Call me a cryptoskeptic. There are too many unanswered questions about cryptocurrencies and they are not immune from the perils of speculation and fraud.
I've been interviewing people who are not only tech savvy, but considerably more optimistic than I am about the future of cryptocurrencies. Although I believe the idea of alternative currencies is a good concept, we need far more oversight before they are legitimate.
Let's start with the harshest criticisms:
-- Fraud is Rampant. We have no way of telling what's going on since Bitcoin and its sister cryptocurrencies aren't on exchanges and are completely unregulated.
Since transactions are encrypted, it's said that bitcoins are used for illicit exchanges, although I have no good way of proving that.
Although Jamie Dimon, JP Morgan Chase CEO said "bitcoin is a fraud" last week, his bank is apparently investing in the cryptocurrency, so they're hedging their bets.
Big banks, we should note, have a vested interest in the old money system. Their business is highly regulated and they bet on currencies, stocks, bonds and commodities every day. Those are all regulated and traded for their massive portfolios.
Can you game any of those markets? Of course. Lot at the massive swindle of betting for and against mortgage securities during the credit bubble of 2006-2009.
That's all the more reason you should be wary of any virtual currency. If you don't think it can be manipulated, you're not paying attention to history.
-- The sky's the limit on price. Bitcoin hit $4,000, then receded after Chinese officials said they were going to shut down some Bitcoin offerings (along with Dimon's comments).
But it's not hard to find pundits who have declared Bitcoin could rise to $5,000, even $25,000.
Do the people making price predictions have a financial interest in seeing Bitcoin climb in value? Absolutely, but whenever anyone says a price could rise infinitely higher, I worry about a bubble. It's happened frequently in the past.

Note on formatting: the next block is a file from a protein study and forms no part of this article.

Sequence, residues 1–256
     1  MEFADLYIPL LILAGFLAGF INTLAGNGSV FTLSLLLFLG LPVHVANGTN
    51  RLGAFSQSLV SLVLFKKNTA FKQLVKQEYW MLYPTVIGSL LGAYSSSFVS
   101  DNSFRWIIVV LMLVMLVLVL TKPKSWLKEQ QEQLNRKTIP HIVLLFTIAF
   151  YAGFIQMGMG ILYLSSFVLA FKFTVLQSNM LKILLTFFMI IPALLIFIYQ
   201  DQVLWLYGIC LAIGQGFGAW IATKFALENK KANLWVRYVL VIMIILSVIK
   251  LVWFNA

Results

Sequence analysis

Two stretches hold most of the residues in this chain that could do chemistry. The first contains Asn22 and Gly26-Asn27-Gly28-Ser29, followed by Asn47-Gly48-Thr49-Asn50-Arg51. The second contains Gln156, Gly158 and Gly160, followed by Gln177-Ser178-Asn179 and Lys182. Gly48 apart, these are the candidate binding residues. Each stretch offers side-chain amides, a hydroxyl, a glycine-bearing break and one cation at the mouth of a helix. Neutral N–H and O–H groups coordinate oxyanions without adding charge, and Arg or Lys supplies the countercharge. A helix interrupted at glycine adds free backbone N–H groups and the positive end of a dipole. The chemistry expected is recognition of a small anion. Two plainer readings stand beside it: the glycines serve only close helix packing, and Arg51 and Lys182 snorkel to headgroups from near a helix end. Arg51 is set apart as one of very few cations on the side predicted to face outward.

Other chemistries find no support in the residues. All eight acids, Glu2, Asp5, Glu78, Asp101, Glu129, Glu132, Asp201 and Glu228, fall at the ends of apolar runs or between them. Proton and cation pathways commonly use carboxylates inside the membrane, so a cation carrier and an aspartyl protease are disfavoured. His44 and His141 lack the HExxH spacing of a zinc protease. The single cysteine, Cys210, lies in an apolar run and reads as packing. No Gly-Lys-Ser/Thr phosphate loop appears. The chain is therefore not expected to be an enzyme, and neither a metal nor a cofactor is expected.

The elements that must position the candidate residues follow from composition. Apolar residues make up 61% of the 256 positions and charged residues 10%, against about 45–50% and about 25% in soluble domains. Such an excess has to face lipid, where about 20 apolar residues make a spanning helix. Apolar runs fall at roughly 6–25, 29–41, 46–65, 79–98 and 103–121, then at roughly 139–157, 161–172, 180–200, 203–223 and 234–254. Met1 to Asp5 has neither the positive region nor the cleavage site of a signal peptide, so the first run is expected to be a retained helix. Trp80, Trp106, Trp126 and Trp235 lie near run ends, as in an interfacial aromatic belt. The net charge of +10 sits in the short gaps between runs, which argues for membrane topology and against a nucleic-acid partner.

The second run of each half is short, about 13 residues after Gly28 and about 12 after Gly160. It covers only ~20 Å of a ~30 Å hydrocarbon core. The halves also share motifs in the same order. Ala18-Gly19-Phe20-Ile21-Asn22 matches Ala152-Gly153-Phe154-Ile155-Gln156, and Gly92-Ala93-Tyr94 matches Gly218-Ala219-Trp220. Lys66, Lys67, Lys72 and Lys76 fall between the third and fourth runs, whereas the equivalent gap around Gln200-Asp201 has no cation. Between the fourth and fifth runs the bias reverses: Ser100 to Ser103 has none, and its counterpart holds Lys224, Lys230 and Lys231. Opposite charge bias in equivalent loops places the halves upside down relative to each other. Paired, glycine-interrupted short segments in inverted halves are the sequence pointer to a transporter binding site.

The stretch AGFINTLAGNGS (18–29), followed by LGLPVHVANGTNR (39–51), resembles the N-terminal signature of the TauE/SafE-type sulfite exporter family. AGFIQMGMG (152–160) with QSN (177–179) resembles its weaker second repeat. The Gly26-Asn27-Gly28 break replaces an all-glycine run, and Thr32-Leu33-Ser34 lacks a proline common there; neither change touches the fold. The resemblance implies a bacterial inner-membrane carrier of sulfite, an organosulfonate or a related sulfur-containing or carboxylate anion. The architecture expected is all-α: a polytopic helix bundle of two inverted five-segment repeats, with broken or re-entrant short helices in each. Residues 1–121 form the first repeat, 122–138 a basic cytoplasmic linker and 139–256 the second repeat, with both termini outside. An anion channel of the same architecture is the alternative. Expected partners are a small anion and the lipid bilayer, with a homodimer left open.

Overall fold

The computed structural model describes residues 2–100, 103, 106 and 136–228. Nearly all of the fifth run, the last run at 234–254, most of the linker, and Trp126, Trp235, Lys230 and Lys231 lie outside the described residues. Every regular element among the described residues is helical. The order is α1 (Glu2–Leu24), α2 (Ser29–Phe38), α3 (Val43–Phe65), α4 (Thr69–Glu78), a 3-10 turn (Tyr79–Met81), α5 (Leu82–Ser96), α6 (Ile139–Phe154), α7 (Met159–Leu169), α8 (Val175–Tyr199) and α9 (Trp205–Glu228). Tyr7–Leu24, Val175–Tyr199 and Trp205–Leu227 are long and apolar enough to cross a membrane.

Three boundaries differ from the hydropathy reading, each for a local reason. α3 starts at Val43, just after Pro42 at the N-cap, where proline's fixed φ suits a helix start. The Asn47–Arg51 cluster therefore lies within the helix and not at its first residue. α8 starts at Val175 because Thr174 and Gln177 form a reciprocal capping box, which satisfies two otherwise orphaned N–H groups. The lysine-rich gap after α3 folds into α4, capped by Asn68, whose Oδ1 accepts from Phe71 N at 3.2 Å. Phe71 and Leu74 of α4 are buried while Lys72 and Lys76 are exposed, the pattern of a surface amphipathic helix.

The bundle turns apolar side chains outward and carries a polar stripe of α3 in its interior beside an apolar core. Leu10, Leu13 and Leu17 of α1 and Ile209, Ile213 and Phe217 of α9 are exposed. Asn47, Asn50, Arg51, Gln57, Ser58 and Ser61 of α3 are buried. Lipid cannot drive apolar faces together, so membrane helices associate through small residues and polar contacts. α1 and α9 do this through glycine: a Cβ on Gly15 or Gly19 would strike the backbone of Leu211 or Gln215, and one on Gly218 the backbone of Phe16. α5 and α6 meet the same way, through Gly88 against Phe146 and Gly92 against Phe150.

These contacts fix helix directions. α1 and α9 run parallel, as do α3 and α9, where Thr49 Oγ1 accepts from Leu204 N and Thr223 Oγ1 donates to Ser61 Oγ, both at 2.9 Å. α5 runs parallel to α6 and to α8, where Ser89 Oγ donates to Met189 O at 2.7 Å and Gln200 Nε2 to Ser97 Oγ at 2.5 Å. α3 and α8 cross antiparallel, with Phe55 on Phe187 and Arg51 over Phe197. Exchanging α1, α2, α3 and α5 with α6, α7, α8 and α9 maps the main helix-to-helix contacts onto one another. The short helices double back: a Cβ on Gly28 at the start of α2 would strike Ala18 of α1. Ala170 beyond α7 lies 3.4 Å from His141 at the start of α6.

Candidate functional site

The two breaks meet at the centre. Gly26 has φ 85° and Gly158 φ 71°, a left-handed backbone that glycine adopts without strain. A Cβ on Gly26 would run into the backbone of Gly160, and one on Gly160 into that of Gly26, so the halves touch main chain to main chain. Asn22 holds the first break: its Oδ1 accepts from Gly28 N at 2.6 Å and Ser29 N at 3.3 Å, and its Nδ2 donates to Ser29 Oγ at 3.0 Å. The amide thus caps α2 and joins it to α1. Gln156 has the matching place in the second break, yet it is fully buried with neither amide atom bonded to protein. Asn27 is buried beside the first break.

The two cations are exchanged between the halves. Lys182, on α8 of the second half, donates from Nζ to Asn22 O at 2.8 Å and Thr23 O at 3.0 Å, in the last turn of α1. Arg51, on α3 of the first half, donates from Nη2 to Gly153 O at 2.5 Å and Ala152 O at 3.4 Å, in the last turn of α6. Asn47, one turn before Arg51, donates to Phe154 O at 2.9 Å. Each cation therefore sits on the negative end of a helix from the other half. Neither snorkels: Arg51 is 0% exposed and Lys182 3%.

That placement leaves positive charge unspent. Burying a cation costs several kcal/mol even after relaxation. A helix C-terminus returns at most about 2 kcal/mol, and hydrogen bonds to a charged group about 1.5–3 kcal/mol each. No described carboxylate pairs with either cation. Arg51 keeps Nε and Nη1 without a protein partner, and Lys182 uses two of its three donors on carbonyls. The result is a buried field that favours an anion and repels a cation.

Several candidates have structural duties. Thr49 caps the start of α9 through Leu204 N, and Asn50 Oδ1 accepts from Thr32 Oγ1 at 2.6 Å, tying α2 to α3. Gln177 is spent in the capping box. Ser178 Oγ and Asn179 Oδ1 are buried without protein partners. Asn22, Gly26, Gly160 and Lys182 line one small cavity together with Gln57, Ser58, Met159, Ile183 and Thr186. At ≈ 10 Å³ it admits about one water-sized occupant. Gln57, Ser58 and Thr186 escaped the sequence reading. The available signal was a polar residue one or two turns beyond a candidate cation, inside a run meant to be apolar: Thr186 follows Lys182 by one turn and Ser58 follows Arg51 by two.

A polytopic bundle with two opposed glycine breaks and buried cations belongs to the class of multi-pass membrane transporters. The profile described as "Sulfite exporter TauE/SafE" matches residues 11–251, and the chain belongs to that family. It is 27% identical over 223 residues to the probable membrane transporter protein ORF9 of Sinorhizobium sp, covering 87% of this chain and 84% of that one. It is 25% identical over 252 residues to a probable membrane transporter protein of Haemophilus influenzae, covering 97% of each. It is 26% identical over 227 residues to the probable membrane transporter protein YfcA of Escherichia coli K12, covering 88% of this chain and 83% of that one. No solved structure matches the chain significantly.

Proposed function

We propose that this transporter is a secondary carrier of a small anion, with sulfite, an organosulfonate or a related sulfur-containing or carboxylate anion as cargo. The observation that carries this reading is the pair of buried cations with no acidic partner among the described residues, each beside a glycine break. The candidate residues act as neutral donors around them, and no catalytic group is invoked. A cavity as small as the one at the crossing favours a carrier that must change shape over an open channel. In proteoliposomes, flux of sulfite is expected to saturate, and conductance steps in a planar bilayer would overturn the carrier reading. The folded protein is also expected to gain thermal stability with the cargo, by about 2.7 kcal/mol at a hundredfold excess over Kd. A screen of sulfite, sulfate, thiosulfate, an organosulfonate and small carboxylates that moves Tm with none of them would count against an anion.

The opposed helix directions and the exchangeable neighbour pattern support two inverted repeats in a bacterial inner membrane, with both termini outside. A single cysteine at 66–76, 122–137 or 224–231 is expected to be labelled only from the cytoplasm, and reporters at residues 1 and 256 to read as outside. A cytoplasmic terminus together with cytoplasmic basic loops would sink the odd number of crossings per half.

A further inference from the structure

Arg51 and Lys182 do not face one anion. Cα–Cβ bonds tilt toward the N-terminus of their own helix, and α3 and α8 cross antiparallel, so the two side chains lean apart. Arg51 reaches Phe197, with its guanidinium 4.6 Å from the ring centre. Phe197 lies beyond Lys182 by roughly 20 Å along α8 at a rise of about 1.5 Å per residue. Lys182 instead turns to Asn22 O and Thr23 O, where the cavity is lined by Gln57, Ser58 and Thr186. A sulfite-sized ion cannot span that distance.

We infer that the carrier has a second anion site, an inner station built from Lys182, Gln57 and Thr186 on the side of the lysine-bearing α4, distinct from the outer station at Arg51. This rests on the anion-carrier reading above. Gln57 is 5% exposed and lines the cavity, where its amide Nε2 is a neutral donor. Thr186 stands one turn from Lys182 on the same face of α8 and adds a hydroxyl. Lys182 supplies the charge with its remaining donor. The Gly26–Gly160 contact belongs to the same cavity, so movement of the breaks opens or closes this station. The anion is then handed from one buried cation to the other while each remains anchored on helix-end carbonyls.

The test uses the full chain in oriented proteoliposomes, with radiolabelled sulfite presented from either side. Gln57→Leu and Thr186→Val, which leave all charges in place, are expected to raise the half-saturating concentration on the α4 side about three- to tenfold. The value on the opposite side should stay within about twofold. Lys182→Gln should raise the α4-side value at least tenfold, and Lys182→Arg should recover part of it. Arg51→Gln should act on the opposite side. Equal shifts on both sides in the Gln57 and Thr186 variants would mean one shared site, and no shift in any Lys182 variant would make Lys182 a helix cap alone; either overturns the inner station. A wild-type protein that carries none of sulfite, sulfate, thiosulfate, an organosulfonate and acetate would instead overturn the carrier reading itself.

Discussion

-- The Valuation Dilemma. How do you value something? With stocks, you can look at past and future earnings, dividends and sales. With currencies, it's what they are worth relative to other currencies. With bonds, it's the ability of an issuer to pay back investors.
What about cryptocurrencies? What is the benchmark to value them? They have no earnings. There is no regulated exchange gathering market bids on daily valuation. There are no price/earnings ratios.
That doesn't mean that linked computers and users across the world can't create their own market. But no legitimate market works without price discovery and transparency.
As thestreet.com noted in a commentary:
"Outside of some limited use as a means to buy goods and services, Bitcoin's $61 billion market cap is linked to the perception of value.
That is, Bitcoin is bid up out of a belief that others think it's worth something, too, or will do so in the future, even if (unlike traditional currencies) there isn't much demand for using it to buy things."
-- Bitcoin is the next world currency. I couldn't agree more than we need some form of universal currency. Maybe Bitcoin is that vehicle, maybe not.
John Maynard Keynes, the great economist, advocated for a world currency back in the 1940s.
But in order to get banks and governments out of the currency business, there has to be global agreement on the rules of how that currency is valued and traded. Bitcoin has a long ways to go on that accord.
I’ve been interviewing people who are […]